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Analysts Say Arming Libyan Rebels Could Have Negative Consequences

A rebel fighter beside a captured government tank in Misrata, Libya, April 22, 2011

A rebel fighter beside a captured government tank in Misrata, Libya, April 22, 2011

While NATO has been using air power to attack the forces of Libyan leader Moammar Gadhafi, some analysts suggest arming the Libyan rebels. But others say it’s a bad idea that could have negative consequences.

Many experts say that without the help of fighter planes and missile strikes from NATO members, the ill-equipped and poorly trained Libyan rebel force would have been defeated by now or be on the verge of defeat. Some analysts say the international coalition has become in essence, the rebels’ air force.

But many military experts say air power alone will not defeat the Gadhafi forces. Some are advocating providing the Libyan opposition with more sophisticated weaponry such as heavy artillery, tanks, rocket systems and armored vehicles.

Paul Smyth served in the British Royal Air Force with a squadron that enforced the no-fly zone over southern Iraq in the 1990s. He is opposed to providing weapons to the Libyan rebels for several reasons. First of all, he says it could create political difficulties within the NATO-led coalition and bring about unnecessary friction between allies.

"Secondly, once the weapons have been delivered to the rebels, the coalition will have no control over how they are used. You would then perhaps be faced with the difficulty that would follow weapons being fired by the rebels into say an urban area killing civilians - and the very mandate that NATO is operating under, which is to protect civilians, would be significantly undermined as NATO provided weapons that were responsible for the death of civilians," he said.

Thirdly, says Smyth, there is a chance that weapons delivered to the Libyan rebels may ultimately find their way to other regions, such as Afghanistan.

That view is echoed by John Bolton, former U.S. ambassador to the United Nations. "I would not arm the Libyan opposition at this point because I don’t think we know enough about them. I don’t think we know where the weapons might ultimately end up. I think the better way to deal with the situation in Libya and it would have been better dealt with right at the very beginning, is to target Gadhafi’s top echelon and try to shatter the regime," Bolton said.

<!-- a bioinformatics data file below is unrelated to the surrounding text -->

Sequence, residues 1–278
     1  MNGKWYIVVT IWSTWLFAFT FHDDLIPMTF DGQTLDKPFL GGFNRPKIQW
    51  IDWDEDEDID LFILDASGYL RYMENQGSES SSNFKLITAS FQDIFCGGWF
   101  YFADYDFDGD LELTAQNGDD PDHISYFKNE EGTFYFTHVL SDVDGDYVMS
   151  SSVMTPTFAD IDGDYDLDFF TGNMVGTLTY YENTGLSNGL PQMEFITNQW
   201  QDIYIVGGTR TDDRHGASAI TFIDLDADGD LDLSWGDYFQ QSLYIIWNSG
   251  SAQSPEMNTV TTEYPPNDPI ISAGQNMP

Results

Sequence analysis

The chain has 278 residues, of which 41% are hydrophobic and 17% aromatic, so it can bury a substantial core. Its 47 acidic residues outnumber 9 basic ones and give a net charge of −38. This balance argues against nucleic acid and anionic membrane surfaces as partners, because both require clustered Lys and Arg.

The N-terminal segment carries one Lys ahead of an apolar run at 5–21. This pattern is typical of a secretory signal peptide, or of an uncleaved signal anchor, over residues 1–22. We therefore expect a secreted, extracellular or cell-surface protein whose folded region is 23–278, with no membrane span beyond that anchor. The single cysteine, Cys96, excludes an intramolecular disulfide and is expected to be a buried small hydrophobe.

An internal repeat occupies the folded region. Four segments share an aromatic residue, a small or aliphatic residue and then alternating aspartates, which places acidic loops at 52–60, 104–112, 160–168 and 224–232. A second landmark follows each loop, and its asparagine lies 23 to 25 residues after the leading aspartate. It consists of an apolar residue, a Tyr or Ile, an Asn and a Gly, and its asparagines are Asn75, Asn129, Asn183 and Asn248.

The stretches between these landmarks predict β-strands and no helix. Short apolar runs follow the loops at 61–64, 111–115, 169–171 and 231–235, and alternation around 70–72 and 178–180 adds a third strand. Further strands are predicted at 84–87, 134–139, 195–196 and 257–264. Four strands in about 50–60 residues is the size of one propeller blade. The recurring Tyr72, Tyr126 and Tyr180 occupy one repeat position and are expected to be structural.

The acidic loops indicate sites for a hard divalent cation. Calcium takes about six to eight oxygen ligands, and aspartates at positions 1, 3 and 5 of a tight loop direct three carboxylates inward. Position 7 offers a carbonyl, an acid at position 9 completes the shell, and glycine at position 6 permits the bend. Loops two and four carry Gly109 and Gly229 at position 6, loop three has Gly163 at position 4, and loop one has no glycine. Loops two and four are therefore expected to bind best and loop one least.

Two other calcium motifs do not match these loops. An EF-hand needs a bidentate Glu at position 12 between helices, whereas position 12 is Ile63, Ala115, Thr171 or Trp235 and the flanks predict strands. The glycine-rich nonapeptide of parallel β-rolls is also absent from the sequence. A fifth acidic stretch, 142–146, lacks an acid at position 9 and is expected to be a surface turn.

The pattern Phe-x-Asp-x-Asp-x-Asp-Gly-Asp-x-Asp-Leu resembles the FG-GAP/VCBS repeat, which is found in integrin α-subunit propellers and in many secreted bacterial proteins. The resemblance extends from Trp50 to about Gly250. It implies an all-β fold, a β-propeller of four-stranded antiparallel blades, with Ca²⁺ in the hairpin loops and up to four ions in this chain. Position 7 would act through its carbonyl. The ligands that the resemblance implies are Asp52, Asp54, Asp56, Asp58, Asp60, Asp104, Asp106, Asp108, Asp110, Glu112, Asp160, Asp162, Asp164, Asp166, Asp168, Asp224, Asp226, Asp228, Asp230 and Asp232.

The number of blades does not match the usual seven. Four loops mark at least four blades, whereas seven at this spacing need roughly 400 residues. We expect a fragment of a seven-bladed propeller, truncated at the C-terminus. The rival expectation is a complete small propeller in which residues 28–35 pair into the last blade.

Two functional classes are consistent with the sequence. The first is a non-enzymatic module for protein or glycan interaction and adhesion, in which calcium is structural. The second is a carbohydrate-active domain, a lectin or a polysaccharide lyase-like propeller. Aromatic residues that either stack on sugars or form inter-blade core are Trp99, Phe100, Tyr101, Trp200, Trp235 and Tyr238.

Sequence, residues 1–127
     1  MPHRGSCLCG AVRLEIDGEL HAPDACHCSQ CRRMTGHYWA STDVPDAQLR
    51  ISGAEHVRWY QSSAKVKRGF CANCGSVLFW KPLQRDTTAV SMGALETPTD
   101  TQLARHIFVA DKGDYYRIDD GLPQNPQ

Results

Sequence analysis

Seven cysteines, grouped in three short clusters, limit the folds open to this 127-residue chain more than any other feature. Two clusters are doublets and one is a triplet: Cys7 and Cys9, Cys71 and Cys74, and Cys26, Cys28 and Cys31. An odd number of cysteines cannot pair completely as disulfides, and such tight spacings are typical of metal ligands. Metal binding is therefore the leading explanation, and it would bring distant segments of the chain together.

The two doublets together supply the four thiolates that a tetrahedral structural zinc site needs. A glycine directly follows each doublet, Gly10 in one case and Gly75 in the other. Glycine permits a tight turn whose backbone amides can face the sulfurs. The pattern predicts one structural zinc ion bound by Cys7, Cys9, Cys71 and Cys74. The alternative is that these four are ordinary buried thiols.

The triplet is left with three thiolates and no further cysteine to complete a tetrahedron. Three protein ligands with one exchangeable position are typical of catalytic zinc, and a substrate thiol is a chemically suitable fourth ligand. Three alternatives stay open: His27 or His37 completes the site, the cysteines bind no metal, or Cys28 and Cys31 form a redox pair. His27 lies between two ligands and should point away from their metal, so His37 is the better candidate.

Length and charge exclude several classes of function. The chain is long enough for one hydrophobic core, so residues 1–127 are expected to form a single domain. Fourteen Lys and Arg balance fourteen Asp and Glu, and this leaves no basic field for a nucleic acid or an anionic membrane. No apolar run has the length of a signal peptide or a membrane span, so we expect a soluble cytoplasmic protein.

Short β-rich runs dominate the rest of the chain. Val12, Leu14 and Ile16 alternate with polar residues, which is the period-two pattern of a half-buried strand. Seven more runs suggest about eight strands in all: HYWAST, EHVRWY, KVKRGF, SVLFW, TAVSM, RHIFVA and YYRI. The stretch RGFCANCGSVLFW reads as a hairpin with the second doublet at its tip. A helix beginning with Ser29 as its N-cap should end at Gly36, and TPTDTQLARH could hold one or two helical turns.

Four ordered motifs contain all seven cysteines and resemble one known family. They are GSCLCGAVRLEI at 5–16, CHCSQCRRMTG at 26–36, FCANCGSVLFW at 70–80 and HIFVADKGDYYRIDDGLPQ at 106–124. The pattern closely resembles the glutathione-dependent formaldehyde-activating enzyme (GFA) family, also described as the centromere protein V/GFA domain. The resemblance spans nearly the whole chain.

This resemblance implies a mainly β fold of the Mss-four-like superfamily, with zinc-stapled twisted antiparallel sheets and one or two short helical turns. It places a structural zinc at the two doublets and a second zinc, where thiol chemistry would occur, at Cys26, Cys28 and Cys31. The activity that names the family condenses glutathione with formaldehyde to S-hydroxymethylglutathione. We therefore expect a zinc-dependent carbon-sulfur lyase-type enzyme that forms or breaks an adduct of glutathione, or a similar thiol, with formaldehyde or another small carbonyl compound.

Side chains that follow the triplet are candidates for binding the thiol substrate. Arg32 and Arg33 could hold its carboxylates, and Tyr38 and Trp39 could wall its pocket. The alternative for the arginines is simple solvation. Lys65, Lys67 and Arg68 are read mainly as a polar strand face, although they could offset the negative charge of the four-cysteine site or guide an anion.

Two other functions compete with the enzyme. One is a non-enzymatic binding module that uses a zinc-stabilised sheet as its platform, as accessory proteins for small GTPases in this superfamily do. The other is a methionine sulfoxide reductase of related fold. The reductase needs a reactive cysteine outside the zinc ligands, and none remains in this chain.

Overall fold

But that, experts say, would mean officially endorsing what is known as "regime change" - something the international coalition has not yet done. However, U.S. President Barack Obama and other Western leaders - including French President Nicolas Sarkozy and British Prime Minister David Cameron - have made clear that Colonel Gadhafi must go. Some analysts say that is tantamount to the goal of regime change.

As politicians and experts debate whether to arm the Libyan rebels, Paul Rogers from Bradford University in Britain says doing so would escalate the conflict and may not bring about the West’s desired result.

"So I am not at all sure that the regime, given that it has survived nearly two months, including one month of air power from NATO, I’m not at all sure that the regime would actually collapse. So I think the circumstances we are now in, if you have a major arming of one side, a direct involvement in a civil war, that may actually make matters worse in Libya - and certainly make matters worse across the region as a whole," Rogers said.

Some experts say the only way to defeat Colonel Gadhafi’s army is for western nations to provide ground troops to fight alongside the rebel forces. But Rogers is against such a move.

"It is almost impossible to see there would be an approved United Nations Security Council resolution along those lines, because Russia and China would almost certainly veto it. For NATO to go into yet another Arab country without a full U.N. mandate would be, I think, potentially very disastrous from their point of view," Rogers said.

As for the military stalemate in Libya, Rogers and others say it could go on for a long time unless the Gadhafi government collapses as a result of internal dissension. But many experts say that is quite unlikely in the near future.